First, a product endorsement: I ran to the store for some flour the other day and discovered it's now available in resealable plastic bags. How long has that been going on?
I am psyched because I usually have to transfer my flour to a plastic bag anyway for storage and the bag is designed so you can scoop and level with it standing upright on the counter without making a mess. Thank you, Gold Medal Flour people!
And now, the buns. Or the rolls, if you prefer. Or the dangerously delicious delights of diet doom.
It all starts innocently enough, with the sweet master dough from "Artisan Bread in Five Minutes a Day." Yes, that book, which has been blogged about hither and yon lately. Much like no-knead bread was a year ago. And fittingly, since it builds on the same principle of letting time do the work for you.
Kris has been making bread and rolls, which look lovely, and she has some videos of the process you can check out. But Jaden kicked my interest up a notch – OK, twenty notches – with her photos of the pecan caramel cinnamon rolls. Plus a contest to win a copy of the book.
I didn't win, but that's OK. Let someone else experience the joy I did when I found out I won the vanilla. Mmmmm ... vanilla ....
.... Oh, sorry, my mind wandered there for a minute. Focus on the dough above and loaf at left. The dough includes seven cups of flour, a lot of yeast, honey as a sweetener, and some other stuff. That's a lot of dough! The idea is that you make a lot and let it sit in the fridge for days, pulling off hunks and baking it as needed. Such as the shaped loaf you see here.
To make the rolls, you roll out the dough, spread the filling, roll up the dough and slice. If you lack a rolling pin, a wine bottle filled with cold water works nicely.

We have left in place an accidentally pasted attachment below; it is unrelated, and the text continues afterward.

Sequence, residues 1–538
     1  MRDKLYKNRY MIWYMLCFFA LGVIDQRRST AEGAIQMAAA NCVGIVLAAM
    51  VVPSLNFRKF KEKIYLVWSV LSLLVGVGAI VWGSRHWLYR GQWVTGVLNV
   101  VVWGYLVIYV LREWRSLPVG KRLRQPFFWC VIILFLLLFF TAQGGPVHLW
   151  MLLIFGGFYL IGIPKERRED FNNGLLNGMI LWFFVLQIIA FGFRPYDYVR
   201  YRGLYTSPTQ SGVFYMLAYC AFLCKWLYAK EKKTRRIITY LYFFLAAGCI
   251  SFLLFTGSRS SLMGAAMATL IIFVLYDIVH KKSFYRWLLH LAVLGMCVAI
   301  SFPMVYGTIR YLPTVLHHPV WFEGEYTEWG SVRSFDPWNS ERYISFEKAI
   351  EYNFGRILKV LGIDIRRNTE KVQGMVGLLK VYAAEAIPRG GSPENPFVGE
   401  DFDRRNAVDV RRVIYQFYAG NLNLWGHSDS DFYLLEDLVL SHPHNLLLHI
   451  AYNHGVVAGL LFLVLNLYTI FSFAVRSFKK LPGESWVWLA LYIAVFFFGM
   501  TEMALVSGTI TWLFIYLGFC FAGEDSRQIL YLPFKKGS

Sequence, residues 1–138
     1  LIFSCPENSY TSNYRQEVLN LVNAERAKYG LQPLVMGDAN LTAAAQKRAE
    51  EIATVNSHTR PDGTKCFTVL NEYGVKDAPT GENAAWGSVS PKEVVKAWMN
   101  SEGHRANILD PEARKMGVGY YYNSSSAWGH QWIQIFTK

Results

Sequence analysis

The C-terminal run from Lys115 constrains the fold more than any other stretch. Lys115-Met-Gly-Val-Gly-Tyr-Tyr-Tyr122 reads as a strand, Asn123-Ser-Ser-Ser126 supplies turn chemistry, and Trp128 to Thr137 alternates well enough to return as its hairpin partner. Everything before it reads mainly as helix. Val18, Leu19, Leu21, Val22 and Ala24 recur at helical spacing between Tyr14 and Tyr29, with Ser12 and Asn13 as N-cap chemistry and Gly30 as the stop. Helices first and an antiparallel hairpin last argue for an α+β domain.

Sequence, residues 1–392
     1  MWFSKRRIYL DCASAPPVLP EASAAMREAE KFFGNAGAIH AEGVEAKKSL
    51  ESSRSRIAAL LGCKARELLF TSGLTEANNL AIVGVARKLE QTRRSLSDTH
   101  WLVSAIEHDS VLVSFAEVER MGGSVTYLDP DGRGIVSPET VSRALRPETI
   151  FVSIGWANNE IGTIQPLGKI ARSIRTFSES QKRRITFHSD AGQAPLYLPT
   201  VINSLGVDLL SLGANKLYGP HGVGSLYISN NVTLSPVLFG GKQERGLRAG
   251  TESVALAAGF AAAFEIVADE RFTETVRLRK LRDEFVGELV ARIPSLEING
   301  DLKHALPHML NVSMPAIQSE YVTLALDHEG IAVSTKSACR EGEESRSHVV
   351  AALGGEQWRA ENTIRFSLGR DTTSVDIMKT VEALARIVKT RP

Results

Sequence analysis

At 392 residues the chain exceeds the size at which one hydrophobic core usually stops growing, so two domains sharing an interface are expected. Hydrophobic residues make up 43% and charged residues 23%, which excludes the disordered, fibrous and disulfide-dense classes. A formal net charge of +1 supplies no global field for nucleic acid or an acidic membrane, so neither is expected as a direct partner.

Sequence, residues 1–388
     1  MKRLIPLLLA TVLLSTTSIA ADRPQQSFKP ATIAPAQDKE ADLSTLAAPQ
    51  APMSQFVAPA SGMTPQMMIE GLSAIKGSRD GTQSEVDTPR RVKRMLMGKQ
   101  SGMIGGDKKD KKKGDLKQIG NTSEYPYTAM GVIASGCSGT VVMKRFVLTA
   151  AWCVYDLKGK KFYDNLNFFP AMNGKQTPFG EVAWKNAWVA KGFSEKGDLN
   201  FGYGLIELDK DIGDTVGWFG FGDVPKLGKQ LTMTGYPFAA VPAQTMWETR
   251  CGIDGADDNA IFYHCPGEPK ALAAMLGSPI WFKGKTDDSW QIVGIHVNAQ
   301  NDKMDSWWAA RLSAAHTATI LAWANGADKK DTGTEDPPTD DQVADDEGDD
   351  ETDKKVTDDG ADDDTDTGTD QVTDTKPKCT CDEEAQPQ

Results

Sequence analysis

(Have you tried Vinho Verde? It's a young Portuguese wine, very slightly bubbly, and with a little less alcohol than most wines. It's very refreshing.)
I was supposed to start with dough "about the size of a small cantaloupe." Apparently my melons are bigger than Jaden's.
I got all the official filling spread in the middle, and I stretched it on the edges by mashing up a little butter and sugar separately and cooking those rolls in another dish.
But wait! I forgot to show you the topping. Which starts out as the bottoming. It's hard not to be obsessive about design when working with pecan halves. You can't just scatter them.
(I'm sorry, I don't know what the hell happened to the white balance here. But I'm sure it's the camera's fault and not operator error.)
Bake for about 40 minutes, invert onto a platter (watch out for the melted butter!) And ta-da! Here they are at my office, on a desk known as "The Trough" (also known as the "Not a Trough" since we're not supposed to have food there).
They're ready for their close-up, Mr. DeMille:
Yes, they are as yummy as they look. The cow-orkers enjoyed them very much.
Will I make them again? Maybe, but while the dough was easy to whip up, the whole process of making the topping and the filling in separate batches, and spreading both out, and rolling the dough and pounding the pecans with a hammer for the filling and toasting them and the halves in separate batches, uphill, barefoot, in the snow ... well, it was a lot of work for essentially eight rolls. (OK, the little extra ones were tasty, too.) But I'm lazy like that.
I will make a batch of monkey bread next week (which I do in total cheater fashion) and see how it compares. (P.S. Yes, the Monkey Bread for Cheaters is much easier.)
My whining is not a slam of the book at all, and I plan to find a copy ASAP so I can deal with the rest of the dough that's sitting in my fridge!
"Artisan Bread in Five Minutes a Day" by Jeff Hertzberg and Zoë François is back-ordered at Amazon, but you should check with your local independent bookseller or cookshop to see if they have it, or order it through them.